To anyone who has travelled the world the sight of young children running up to tourists and travellers, palms outstretched in expectation of a small trinket or a few coins is a familiar one, but should travellers be giving anything to child beggars at all?
If you have spent any amount of time in any developing countries the poverty can sometimes be a little jarring, especially if you aren’t used to it. The privelige paradigm can be hard to get your head around and that is even more true when it involves children.
I get it, the image of a cute child, dressed practically in rags and smeared in dirt, the almost obligatory snot bubble and the beginnings of tears in their large eyes as they look up at you imploringly tugs at the heart strings. You would have to be the worst kind of heartless sociopath to not let that effect you on some level.
Why wouldn’t you want to help? A few coins that are nothing to you would at least buy these kids a meal or two right? Surely that’s a good thing?
The big problem is that giving anything from a bit of cash to a pen to child beggars contributes to a cycle of poverty that is not in any way beneficial to the individual child, their family or the society as a whole.
The international charity Childsafe argue that travellers who give money – or anything – to begging children simply teaches them to see travelers as walking ATMs and disinsentivises them from going to school and getting an education.
Even worse than that, this can create an environment where families then use these children to make money. Instead of sending them to school, adults can simply use their children to sell trinkets to tourists, using their natural sympathies for profit.
This is where you get the situations of orphanage tourism in places like Cambodia, where children are used essentially as props to drag money out of tourists.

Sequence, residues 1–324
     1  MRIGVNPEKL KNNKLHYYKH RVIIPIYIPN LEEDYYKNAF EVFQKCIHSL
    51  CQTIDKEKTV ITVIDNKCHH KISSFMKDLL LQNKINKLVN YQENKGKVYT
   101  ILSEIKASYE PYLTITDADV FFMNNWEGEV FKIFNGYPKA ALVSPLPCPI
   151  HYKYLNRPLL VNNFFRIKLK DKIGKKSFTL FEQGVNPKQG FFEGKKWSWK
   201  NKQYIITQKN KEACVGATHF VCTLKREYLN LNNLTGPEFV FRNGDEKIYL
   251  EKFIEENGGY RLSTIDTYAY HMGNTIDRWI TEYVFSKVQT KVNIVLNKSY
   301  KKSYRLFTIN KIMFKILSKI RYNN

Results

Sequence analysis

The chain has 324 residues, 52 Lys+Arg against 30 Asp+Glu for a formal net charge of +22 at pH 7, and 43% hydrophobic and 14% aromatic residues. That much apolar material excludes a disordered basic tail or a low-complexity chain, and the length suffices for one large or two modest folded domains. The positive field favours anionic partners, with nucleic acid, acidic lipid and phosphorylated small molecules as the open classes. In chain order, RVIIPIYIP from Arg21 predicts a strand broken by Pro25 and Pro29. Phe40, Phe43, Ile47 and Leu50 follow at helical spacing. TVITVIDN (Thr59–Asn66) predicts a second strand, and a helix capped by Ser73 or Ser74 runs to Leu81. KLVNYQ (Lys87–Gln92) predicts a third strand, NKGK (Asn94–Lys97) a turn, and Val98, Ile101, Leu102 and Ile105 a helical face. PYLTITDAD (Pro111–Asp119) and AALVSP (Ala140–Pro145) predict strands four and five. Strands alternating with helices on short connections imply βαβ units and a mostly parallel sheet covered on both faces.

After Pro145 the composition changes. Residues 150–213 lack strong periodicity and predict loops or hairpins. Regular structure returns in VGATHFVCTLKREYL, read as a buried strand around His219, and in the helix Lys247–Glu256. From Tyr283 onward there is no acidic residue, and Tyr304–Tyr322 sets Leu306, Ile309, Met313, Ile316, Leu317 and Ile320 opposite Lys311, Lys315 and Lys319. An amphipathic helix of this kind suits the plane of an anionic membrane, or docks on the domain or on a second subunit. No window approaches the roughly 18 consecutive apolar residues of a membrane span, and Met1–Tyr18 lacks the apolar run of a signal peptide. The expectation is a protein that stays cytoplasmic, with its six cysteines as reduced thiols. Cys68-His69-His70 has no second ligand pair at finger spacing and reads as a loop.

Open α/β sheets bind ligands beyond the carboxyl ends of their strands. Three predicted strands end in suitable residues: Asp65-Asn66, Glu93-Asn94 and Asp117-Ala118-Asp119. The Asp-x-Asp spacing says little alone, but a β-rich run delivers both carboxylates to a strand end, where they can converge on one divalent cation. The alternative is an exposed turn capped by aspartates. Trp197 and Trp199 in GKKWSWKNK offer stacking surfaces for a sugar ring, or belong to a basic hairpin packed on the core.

Many childrens charities and organisations, from UNICEF to the Child Safe Movement have been actively campaigning against orphanages that exploit tourists for money for a long time. Research by UNICEF suggests that up to 75% of children kept in these institutions in Cambodia and Nepal alone are not even orphans. Many are sold or ‘hired’ from impoverished parents or trafficked illegally, kept in impoverished conditions and kept malnourished to pull on the travellers heartstrings even more and ensure that the money keeps rolling in.
This may seem like an extreme consequence of just giving a little bit of money to a child beggar, but by giving just that little bit of money, or a pen, or whatever, this is the exact type of situation that you are ultimately supporting. Not intentionally maybe, but definitely supporting.
Entire begging mafias have sprung up all over the world, creating a perverse cottage industry that funnels your cash through often abused and neglected children. Do you really want that on your conscience?
Helping a child in need may seem like a natural thing to do, but you have to think of the unintended consequences too.
Fortunately there are things that you can do to help.
Instead of giving money to a child beggar directly, however hard it may be to say no and walk on, you can instead give directly to a genuine organisation that has been set up specifically to help alleviate child poverty, increase education and standards of living and works with the local community instead of exploiting it. There are a lot of really amazing and genuine places out there, you just have to do your research when looking for them.
There are a lot of pitfalls when looking for genuine organisations, and you really have to be prepared to ask the tough questions when it comes to issues such as volunteering and where the profits actually go, but there are plenty of local NGOs and organisations out there, their answers to your questions should speak volumes about how legitimate they are.
Donate directly to charities or organisations that specifically help children in the communities you are visiting.
You can also support local social enterprises and businesses whose profits go directly back into community initiatives and programmes that specifically help the area you are visiting, providing education for children and employment for adults as well as other benefits. At the very least, even if the shop or restaurant you frequent isn’t run as a social enterprise, shopping and eating locally as opposed to using international chains is a responsible thing to do anyway.
The biggest thing you can do though is simply not give to child beggars. The unseen consequences are not worth the short term balm to your ego or your guilt.
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